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Paul: The Mind of the Apostle Paperback – April 17, 1998
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From Library Journal
Copyright 1997 Reed Business Information, Inc. --This text refers to an out of print or unavailable edition of this title.
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I would say that the subtitle is a little out of place because the book is not really about "the mind of the apostle." This is something that we can never hope to grasp, and Wilson acknowledges as much in his book. But a coherent picture of who Paul was and what he was all about does emerge from its pages. The book clearly sets him in opposition to James and Peter and the Jerusalem Jesus-movement and clearly details Paul's unique (although unintended) contribution to the birth of Christianity. It is hard to put the book down.
Several questions are not answered prehaps intentionally:
Why would Paul, a self declared Pharisee (Shammite) be in the employment of the Temple Guard, a group the Shammites viewed as compromised and corrupt?
Why did Paul speak of his Damascus experience as a resurrection citing, meaning physical body appearance, instead of using language to denote it as the "vision" Wilson suggests? Pharisees would have used language like angel or ghost to descibe a vision, Paul was transformed not because he had a vision of Jesus, but because he saw a resurrected Jesus. Wilson apparently misses the distinction, but it would not be missed by a Pharisee. Visions can happen anytime, resurrection carried a definate implication that YHWH was finally acting through the promised Messiah. This is what changed Paul's life.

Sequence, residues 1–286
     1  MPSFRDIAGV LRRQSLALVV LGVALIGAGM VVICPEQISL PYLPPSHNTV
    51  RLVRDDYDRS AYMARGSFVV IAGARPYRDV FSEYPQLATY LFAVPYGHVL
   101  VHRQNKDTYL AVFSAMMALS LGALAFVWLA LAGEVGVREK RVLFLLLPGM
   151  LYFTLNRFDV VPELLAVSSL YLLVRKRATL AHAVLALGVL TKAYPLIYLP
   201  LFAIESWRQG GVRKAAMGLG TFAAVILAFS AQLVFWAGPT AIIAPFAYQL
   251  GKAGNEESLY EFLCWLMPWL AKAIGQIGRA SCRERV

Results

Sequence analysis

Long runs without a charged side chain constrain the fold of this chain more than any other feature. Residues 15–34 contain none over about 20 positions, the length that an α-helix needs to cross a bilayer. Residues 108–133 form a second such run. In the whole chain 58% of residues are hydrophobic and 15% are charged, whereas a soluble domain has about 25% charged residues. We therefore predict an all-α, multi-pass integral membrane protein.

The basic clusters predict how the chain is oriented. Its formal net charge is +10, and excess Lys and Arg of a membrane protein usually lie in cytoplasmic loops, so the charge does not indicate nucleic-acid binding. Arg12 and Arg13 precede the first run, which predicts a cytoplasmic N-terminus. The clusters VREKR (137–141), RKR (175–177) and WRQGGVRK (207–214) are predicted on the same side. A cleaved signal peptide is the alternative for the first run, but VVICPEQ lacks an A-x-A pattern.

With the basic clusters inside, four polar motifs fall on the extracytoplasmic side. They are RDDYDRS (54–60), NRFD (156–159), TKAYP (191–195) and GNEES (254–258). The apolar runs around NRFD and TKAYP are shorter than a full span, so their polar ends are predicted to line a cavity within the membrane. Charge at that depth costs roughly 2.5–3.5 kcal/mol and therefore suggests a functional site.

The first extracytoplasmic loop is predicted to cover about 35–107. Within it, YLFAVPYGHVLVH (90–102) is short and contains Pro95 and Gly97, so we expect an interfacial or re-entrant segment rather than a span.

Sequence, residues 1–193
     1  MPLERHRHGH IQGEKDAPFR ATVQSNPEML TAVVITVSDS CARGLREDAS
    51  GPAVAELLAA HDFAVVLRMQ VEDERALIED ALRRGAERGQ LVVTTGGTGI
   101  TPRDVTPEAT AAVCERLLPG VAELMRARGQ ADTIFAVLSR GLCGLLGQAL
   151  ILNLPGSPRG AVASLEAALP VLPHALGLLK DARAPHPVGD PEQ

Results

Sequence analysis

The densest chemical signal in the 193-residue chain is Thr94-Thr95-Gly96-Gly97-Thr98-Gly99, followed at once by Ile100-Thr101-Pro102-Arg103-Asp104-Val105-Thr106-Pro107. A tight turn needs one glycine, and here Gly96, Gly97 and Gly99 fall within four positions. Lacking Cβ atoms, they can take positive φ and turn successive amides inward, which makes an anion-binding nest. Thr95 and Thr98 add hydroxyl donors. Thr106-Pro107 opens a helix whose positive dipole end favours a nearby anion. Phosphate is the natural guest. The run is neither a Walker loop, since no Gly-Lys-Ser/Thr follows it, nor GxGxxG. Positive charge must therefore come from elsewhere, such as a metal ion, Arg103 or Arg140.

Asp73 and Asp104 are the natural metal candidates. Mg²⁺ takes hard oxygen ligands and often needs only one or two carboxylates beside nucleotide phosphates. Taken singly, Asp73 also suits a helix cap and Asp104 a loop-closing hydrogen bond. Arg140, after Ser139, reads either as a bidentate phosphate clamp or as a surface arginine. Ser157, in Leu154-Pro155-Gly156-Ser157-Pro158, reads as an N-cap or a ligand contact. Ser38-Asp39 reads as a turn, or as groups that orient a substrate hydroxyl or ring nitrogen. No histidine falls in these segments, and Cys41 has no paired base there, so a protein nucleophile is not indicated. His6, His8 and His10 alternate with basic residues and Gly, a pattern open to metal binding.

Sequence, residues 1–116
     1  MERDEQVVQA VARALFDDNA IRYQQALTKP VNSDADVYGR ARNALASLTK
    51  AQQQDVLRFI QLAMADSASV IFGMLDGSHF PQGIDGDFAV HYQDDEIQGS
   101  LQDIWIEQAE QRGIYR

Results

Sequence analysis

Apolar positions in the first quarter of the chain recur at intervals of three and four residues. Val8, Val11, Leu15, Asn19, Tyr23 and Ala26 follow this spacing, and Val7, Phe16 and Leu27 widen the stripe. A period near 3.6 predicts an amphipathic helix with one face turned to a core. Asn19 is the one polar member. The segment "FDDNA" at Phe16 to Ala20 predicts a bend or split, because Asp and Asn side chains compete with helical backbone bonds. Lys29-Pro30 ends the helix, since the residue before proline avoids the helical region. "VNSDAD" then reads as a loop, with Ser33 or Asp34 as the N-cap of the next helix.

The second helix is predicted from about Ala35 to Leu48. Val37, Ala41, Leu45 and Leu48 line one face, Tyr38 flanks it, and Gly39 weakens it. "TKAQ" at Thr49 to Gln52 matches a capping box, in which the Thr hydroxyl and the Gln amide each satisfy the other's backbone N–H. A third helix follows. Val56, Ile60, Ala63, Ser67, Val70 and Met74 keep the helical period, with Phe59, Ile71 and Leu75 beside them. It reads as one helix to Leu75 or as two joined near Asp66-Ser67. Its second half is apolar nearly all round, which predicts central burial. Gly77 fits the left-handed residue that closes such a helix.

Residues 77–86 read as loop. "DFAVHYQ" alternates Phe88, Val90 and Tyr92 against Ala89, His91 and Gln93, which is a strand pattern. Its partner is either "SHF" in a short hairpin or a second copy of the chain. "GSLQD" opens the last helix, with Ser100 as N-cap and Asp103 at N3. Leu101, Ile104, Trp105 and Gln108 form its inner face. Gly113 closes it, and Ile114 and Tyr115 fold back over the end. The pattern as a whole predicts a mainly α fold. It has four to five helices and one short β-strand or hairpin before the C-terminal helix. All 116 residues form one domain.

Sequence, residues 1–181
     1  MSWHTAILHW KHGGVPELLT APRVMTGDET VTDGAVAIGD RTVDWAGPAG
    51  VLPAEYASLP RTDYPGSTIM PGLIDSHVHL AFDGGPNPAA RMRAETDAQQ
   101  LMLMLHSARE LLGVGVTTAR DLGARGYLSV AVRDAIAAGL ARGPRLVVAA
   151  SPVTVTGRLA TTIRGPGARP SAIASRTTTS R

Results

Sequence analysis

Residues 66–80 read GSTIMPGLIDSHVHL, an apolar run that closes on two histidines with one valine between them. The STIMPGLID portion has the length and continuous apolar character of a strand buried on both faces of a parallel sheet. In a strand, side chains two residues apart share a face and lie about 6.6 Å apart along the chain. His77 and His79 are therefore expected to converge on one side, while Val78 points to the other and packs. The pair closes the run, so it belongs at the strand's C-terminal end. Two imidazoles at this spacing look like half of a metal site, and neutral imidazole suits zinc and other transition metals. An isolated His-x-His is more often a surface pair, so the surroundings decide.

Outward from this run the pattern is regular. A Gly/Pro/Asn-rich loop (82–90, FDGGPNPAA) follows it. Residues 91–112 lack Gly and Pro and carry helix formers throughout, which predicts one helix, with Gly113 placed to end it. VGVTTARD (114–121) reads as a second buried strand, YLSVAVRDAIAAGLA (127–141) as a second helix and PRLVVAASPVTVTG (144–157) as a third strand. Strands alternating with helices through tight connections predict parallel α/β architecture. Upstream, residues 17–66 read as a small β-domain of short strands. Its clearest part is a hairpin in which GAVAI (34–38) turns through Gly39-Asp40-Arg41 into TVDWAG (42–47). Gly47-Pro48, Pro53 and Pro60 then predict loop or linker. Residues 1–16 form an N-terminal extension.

I won't go into the other yarns (like Paul may not have even been Jewish) because I don't want to be too harsh on a book that deserves a critical read. Read it, but be sure to read some Marcus Borg, N.T. Wright, Meier, Schweitezer, Wenham, Witherington to round out the survey.
Wilson is an engaging writer and makes a lot of illuminating observations. For example, describing the Temple as an "abattoir" sounds disrespectful at first glance, until you consider just what was happening to all those doves, lambs, goats, and heifers people brought in. This is an easily read book that is hard to put down.
But far too often Wilson builds his arguments on decidedly shaky foundations. On one page he will openly speculate and 20 pages later he treats that speculation as proven truth. And this happens again and again. This habit constitutes a major flaw of the book.
Surprisingly, Wilson seems most comfortable analyzing the theology of the "authentic" letters. And, while he is sceptical of Jesus' divinity, he can not help but wonder how a "simple Galilean exorcist and faith healer" exerted such an influence on his countrymen.
Perhaps this is best read from the library or as a used book.
Most Recent Customer Reviews
This book is the very best Sunday School class on Christianity I have ever had the privilege of reading. Read morePublished 9 months ago by Lyn Wilhelm
I'm going to be nice and give it four stars, because it does include a lot of information and I did learn something new. A.N. Read morePublished 10 months ago by TalkALot
Historical facts about the time period and lives during Paul's life.Published 11 months ago by WilliePooh
A. N. WILSON :
wiki quote: In the late 1980s, he publicly stated that he was an atheist and published a pamphlet Against Religion in the Chatto & Windus CounterBlasts series;... Read more
Wilson truly explains the man and his mission.
First by selling tents, then becoming a young rabbi, and finally selling the world's most popular religion. Read more
I have just read all the reviews of this book and I found all of them helpful . After reading the book I felt the need to see my priest and address the issues the critics have... Read morePublished on October 25, 2013 by Louis Tringali